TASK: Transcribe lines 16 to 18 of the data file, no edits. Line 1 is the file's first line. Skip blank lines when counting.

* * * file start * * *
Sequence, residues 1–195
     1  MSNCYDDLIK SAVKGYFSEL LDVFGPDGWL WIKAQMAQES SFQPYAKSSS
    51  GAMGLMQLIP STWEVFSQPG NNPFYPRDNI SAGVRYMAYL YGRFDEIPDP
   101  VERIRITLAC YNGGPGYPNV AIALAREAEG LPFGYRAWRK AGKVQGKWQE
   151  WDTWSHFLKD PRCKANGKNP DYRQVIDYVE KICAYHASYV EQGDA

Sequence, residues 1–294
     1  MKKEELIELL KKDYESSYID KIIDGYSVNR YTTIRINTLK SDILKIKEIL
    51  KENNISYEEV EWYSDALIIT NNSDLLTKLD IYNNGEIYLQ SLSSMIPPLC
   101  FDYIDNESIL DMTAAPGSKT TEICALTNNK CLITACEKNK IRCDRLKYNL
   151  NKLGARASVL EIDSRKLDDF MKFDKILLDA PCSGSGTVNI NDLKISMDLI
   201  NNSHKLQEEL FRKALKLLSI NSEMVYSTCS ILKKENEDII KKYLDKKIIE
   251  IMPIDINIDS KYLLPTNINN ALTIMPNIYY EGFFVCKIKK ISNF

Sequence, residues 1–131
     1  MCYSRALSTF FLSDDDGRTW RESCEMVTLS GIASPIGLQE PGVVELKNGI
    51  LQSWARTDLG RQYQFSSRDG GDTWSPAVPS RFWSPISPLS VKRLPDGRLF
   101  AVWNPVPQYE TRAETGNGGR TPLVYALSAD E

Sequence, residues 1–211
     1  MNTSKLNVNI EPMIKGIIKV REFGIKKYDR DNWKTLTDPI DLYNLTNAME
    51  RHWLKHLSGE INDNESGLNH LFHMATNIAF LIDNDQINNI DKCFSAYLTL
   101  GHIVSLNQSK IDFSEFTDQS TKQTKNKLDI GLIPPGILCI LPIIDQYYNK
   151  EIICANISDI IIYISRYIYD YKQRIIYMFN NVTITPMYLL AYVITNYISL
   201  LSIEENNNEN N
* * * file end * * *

   101  AVWNPVPQYE TRAETGNGGR TPLVYALSAD E

Sequence, residues 1–211
     1  MNTSKLNVNI EPMIKGIIKV REFGIKKYDR DNWKTLTDPI DLYNLTNAME